If you do a quick Google search you will discover lots of info is out there about how to prepare for hurricanes, but there is not so much published about how to handle the aftermath. This is especially true about how condo associations and property managers should handle the process of filing insurance claims for damage after a hurricane. Managers and board members need to be cognizant of the details of their property’s insurance policy, such as what they need to do to ensure compliance with the policy throughout the claims process.
Know what is contained in your policy
An Insurance policy is a contract between you and your insurance company. It is a long contract with lots of pages, riders, addendums, and other complicated sections, but in the end, it is a contract. It is important for you to know: What did the parties agree to? What are each parties’ rights and responsibilities as defined by the contract?
Every insurance policy is different. Knowing your obligations, often referred to as post-loss conditions, to make a valid claim on the policy is key to ensuring the best chance of receiving coverage for any damages. Policy holder obligations commonly include the need to provide a notice of claim, produce documents, sit for an examination under oath, and to provide a sworn statement in proof of loss.
About Notice of the Claim
Providing notice of the claim to your insurer is the critical first step to beginning the claims process. Know what the policy requires you to do to provide notice, and where the notice should go. Hopefully, after receiving notice of the claim, they will investigate and provide funds to repair the damage.
Unfortunately, that does not happen as often as it should. They may want to investigate the loss by requesting documents, taking examinations under oath, and/or asking for a sworn statement in proof of loss. Your policy requires you to cooperate in the investigation of the claim. While it may seem like a delay tactic, the insurer can argue they’re thoroughly investigating the claim. Patience is a must.
Showing Proof of Loss: Documents, Examinations and Sworn Statements
Your insurer may request you to provide repair records, maintenance records, meeting minutes, financial statements, and a variety of other documents. They ask for these docs to establish what damage existed prior to the claim, if any, as well as to evaluate potential coverage issues. Keep in mind that this investigation is almost always in an effort to limit what the insurer will have to pay out, as it’s financial interest is adverse to yours.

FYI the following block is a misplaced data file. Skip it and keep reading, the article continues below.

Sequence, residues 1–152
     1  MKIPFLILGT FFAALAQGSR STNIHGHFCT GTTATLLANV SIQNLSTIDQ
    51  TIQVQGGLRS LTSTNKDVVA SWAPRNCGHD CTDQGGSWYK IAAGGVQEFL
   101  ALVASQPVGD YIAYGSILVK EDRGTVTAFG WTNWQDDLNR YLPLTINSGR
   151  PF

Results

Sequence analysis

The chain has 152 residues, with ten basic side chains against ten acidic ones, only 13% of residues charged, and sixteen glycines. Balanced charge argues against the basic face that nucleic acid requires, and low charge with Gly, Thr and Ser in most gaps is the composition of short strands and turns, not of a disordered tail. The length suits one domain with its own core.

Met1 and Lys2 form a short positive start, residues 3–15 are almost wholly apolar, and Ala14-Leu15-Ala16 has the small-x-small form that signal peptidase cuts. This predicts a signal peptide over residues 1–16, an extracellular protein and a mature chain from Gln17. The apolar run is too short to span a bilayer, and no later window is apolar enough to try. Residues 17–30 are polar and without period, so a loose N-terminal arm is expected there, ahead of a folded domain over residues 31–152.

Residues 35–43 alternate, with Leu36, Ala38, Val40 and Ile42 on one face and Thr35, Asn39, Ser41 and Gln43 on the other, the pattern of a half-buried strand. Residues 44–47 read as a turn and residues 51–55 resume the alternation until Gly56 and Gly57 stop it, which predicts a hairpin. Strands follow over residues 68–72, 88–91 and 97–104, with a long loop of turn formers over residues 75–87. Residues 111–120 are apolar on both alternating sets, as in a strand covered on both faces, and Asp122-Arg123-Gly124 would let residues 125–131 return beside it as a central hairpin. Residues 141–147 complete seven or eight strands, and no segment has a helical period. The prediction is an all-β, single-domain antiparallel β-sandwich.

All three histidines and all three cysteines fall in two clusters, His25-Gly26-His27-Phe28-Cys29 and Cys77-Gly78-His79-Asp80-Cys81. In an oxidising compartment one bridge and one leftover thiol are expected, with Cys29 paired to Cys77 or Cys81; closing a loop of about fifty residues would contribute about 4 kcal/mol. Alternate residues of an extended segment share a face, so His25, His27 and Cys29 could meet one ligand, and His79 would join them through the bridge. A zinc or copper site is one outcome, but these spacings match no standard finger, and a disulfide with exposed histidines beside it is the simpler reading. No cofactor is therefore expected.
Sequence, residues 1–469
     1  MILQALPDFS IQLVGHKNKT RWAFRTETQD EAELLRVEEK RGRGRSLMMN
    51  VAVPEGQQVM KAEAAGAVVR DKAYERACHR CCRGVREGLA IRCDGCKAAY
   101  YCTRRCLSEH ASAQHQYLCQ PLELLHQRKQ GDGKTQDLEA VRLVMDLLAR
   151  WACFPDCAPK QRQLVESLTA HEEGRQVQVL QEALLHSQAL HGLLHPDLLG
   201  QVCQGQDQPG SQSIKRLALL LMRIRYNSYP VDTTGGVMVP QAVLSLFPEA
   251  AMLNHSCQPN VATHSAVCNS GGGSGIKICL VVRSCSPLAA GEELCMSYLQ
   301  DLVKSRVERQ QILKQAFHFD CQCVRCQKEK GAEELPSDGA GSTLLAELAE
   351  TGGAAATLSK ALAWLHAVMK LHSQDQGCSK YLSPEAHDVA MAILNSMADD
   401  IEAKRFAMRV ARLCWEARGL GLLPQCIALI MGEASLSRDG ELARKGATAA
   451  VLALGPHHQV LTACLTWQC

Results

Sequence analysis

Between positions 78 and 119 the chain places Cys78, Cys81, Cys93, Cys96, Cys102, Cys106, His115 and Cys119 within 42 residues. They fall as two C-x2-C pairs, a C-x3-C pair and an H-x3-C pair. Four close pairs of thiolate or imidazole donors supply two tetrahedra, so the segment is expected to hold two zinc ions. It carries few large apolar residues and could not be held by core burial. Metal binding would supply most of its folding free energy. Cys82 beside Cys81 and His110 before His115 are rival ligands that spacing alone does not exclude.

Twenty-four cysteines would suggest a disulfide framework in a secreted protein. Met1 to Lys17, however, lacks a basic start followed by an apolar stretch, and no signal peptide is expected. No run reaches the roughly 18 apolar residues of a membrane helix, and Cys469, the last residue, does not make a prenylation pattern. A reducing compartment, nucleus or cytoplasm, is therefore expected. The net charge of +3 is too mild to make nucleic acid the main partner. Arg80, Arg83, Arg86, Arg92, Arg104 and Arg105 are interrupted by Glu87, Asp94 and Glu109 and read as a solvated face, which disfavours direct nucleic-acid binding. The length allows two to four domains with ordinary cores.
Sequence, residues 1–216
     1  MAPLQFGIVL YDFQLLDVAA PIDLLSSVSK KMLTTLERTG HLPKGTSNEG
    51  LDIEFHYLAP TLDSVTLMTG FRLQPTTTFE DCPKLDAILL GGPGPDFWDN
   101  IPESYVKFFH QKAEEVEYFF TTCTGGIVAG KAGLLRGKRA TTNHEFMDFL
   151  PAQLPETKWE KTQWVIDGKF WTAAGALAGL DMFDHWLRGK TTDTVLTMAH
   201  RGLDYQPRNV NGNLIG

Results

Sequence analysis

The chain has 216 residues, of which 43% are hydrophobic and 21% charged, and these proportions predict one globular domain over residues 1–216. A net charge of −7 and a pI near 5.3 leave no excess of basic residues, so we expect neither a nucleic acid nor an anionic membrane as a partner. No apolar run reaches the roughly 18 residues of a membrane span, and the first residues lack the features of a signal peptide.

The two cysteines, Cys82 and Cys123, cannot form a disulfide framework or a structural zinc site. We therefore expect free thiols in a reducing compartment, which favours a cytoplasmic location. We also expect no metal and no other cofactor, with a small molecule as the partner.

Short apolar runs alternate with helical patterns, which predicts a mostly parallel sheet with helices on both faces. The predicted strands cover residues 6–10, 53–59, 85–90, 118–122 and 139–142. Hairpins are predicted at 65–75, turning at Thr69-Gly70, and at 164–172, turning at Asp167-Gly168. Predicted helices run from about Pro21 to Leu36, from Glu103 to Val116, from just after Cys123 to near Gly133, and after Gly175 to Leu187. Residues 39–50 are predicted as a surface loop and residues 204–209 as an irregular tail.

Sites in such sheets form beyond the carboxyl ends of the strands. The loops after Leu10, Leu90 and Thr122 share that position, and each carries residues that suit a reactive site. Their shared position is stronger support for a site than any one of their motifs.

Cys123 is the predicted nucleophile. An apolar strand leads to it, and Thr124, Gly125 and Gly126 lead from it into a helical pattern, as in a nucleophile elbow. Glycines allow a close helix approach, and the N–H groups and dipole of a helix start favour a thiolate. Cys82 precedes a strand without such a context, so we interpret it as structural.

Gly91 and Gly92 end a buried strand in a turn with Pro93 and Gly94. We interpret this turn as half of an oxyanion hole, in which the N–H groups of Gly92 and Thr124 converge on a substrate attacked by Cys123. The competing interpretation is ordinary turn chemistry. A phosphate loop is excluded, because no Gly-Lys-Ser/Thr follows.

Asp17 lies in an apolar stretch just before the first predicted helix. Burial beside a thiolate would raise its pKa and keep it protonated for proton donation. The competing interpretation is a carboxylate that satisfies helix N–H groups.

The association is required to provide any documents that are responsive to the request. This can be a very time-consuming process, and it is not uncommon for communities to produce thousands of pages of documents. You may believe this is a waste of time, but keep in mind that as per your policy the insurer is entitled to request these documents and you are required to cooperate.
After they get all of your documents, they may ask for the examinations under oath of the insured. This is similar to a deposition taken during litigation. It is a standard practice for insurers to require this, and especially so if the claim being made is one which would merit a large payout. You, as a witness, are placed under oath and an attorney from the insurance company will ask a series of questions. The witness is required to answer, and answers will be transcribed by a court reporter.
This can be an intimidating and scary process for many people. It is highly recommended that your association or community retain the services of an attorney and that they attend all sessions. Generally, the examination under oath is only required of the insured. However, if they don’t know the technical details of damages or repairs, you can produce consultants and experts to fill in those gaps. In some cases, the insurer may request the examinations of several board members, the manager, or consultants in order to evaluate the claim. What examinations are required under the policy is a fact specific determination.
The sworn statement in proof of loss is an important trigger under most insurance policies. The policy will contain language that after the proof of loss is submitted a coverage determination will be made within a set number of days. However, in some cases an insurer will not request one, or after receiving one, the insurer may state that the proof of loss is not sufficiently detailed and therefor does not trigger the policy requirement to make a coverage determination.
The proof of loss is a very important document, and one which you should take very seriously. It is this document which sets out the total value of the claim. Once signed and submitted, the proof of loss represents what the insured is asserting, under oath, is the amount owed to the property or association. Although the proof can be supplemented with additional information later in the claims process, accuracy is very important.
Alternative Dispute Resolution